Assistance to Africa: Lessons of a Quarter Century." MADIA Discussion Paper 1,
The World Bank, Washington D.C.
-----. 1989. "Structural Adjustment, Agricultural Development and the Poor: Lessons
from the Malawian Experience." MADIA Discussion Paper 9, The World Bank,
--------, ed. 1989. "Managing Agricultural Development in Africa: Three Articles on
Lessons from Experience." MADIA Discussion Paper 2, The World Bank,
Lele, Uma and Kofi Adu-Nyako. 1991. "An Integrated Approach of Strategies for Poverty
Alleviation: A Paramount Priority for Africa." Paper delivered at Annual Meeting
Symposium of the African Development Bank, Abidjan, Cote d'lvoire, May 1991.
Lele, Uma and Robert E. Christiansen. 1989. "Markets, Marketing Boards, and
Cooperatives in Africa: Issues in Adjustment Policy." MADIA Discussion Paper 11,
The World Bank, Washington D.C.
Lele, Uma, Robert E. Christiansen, and Kundhavi Kadiresan. 1989. "Fertilizer Policy in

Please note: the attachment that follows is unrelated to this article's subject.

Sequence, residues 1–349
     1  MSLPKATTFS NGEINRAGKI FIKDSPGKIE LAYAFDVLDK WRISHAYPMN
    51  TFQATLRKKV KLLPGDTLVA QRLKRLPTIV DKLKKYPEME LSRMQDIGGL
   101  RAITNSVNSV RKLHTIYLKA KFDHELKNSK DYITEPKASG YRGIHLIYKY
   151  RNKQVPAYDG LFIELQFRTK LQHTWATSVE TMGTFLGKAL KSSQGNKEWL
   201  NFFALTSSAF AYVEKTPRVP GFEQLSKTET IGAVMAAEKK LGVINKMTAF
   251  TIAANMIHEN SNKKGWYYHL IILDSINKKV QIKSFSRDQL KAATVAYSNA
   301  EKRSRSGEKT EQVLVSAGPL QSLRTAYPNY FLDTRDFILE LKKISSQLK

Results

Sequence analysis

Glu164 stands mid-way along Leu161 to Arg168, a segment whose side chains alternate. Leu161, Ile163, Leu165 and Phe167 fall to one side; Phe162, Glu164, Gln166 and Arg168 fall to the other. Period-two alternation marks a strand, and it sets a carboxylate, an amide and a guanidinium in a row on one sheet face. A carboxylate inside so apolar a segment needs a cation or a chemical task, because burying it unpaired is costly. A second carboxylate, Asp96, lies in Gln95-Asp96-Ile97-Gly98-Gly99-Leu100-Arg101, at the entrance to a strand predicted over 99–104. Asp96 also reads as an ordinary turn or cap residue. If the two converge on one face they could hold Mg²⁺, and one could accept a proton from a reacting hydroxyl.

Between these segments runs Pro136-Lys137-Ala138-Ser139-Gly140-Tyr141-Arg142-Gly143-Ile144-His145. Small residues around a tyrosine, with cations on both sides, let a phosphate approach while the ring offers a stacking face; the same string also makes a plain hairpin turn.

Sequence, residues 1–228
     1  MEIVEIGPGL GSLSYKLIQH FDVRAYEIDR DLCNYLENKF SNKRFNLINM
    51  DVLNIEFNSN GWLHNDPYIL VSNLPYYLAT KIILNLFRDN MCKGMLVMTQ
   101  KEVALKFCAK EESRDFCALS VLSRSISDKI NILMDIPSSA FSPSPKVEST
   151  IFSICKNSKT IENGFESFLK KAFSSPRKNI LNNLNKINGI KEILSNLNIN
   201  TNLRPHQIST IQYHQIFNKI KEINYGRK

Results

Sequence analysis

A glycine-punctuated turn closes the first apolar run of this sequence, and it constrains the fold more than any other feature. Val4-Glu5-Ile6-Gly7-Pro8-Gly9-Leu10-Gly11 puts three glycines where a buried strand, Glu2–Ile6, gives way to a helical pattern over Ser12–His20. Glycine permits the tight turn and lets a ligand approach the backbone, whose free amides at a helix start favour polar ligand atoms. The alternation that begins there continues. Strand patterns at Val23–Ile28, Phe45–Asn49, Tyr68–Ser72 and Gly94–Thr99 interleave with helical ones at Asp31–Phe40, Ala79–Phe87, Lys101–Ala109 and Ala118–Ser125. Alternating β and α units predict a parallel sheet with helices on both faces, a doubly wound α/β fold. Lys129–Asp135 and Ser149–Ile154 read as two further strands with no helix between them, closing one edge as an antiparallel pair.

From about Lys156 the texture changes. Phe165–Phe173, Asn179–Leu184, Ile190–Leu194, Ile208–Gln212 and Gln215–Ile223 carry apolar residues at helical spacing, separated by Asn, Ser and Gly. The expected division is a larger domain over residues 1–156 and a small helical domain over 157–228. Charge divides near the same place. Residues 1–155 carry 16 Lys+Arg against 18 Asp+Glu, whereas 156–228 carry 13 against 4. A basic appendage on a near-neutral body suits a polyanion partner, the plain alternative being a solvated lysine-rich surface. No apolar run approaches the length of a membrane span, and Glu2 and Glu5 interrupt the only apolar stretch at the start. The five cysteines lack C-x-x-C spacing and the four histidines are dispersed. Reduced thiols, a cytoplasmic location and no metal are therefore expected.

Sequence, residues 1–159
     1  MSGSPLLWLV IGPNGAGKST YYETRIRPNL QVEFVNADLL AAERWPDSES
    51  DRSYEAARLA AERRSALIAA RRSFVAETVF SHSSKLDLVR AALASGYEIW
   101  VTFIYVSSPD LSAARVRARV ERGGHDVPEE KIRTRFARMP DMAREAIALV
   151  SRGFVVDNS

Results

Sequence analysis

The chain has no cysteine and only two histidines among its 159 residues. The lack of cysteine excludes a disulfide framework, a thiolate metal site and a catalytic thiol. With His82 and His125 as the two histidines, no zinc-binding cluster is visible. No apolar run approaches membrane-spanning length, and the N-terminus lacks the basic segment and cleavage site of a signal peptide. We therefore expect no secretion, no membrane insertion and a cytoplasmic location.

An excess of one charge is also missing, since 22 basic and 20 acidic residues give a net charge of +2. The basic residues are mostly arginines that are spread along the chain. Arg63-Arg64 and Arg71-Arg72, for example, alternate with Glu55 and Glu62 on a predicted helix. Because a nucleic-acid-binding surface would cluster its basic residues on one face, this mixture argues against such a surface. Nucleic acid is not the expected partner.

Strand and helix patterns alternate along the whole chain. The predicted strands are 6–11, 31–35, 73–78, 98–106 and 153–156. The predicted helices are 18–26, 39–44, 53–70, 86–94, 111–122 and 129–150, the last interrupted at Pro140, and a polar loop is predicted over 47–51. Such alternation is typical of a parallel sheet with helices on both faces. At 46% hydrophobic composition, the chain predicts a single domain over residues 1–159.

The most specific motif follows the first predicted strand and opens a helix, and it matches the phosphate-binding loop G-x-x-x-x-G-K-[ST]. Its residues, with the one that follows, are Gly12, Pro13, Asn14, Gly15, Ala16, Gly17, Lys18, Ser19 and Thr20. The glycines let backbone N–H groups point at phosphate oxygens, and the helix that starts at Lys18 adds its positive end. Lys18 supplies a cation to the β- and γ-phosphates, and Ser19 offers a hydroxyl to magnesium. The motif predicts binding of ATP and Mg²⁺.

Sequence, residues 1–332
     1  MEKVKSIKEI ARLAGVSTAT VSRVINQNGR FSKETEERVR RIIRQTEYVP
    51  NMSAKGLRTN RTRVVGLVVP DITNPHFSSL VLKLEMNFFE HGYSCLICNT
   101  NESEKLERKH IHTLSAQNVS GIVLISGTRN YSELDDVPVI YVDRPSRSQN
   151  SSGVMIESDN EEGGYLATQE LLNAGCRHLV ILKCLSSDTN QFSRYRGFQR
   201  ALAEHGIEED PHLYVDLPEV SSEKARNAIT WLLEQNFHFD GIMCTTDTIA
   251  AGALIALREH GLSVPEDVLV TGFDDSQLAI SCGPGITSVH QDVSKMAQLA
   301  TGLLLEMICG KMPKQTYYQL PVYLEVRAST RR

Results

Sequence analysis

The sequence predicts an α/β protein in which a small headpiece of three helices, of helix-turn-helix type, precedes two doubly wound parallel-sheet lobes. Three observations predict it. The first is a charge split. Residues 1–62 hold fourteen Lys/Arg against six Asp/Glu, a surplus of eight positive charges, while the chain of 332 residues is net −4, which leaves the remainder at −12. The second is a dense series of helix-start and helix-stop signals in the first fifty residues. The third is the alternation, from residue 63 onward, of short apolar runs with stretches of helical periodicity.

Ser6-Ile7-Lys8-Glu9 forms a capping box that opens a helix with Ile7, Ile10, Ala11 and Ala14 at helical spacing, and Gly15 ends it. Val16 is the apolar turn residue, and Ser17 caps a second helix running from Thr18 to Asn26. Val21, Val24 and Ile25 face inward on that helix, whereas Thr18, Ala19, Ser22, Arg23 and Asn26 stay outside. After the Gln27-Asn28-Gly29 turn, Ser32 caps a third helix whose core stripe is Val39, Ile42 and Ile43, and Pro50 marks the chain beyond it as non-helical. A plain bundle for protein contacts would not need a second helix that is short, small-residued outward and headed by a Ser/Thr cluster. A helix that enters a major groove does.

Africa: Lessons from Development Programs and Adjustment Lending, 1970-87."
MADIA Discussion Paper 5, The World Bank, Washington D.C.
Lele, Uma, and Arthur Goldsmith. 1989. "The Development of National Agricultural
Research Capacity: India's Experience with the Rockefeller Foundation and Its
Significance for Africa," Economic Development and Cultural Change, pp. 305-343.
Lele, Uma, and Steven W. Stone. 1989. "Population Pressure, the Environment and
Agricultural Intensification: Variations on the Boserup Hypothesis." MADIA
Discussion Paper 4, The World Bank, Washington D.C.
Lele, Uma, Nicolas Van de Walle, and Mathurin Gbetibouo. 1989. "Cotton In Africa: An
Analysis of Differences in Performance." MADIA Discussion Paper 7, The World
Bank, Washington D.C.
Mudahar, Mohinder S. and Travis P. Hignett. 1982. "Energy and Fertilizer: Policy
Implications and Options for Developing Countries." Technical Bulletin T-20,
International Fertilizer Development Center, Muscle Shoals, Alabama.
National Research Council. 1991. Toward Sustainability: A Plan For Collaborative